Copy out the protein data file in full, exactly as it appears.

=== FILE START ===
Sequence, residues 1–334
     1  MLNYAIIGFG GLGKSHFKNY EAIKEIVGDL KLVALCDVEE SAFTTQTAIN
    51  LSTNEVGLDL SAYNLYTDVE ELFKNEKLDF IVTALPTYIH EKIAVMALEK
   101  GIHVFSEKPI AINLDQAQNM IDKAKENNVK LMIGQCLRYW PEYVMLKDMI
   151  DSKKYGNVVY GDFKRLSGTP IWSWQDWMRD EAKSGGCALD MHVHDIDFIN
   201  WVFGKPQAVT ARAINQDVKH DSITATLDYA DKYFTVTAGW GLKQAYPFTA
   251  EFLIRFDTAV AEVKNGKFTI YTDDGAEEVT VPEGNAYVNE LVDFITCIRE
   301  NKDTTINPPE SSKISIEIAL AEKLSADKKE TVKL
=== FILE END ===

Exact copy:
Sequence, residues 1–334
     1  MLNYAIIGFG GLGKSHFKNY EAIKEIVGDL KLVALCDVEE SAFTTQTAIN
    51  LSTNEVGLDL SAYNLYTDVE ELFKNEKLDF IVTALPTYIH EKIAVMALEK
   101  GIHVFSEKPI AINLDQAQNM IDKAKENNVK LMIGQCLRYW PEYVMLKDMI
   151  DSKKYGNVVY GDFKRLSGTP IWSWQDWMRD EAKSGGCALD MHVHDIDFIN
   201  WVFGKPQAVT ARAINQDVKH DSITATLDYA DKYFTVTAGW GLKQAYPFTA
   251  EFLIRFDTAV AEVKNGKFTI YTDDGAEEVT VPEGNAYVNE LVDFITCIRE
   301  NKDTTINPPE SSKISIEIAL AEKLSADKKE TVKL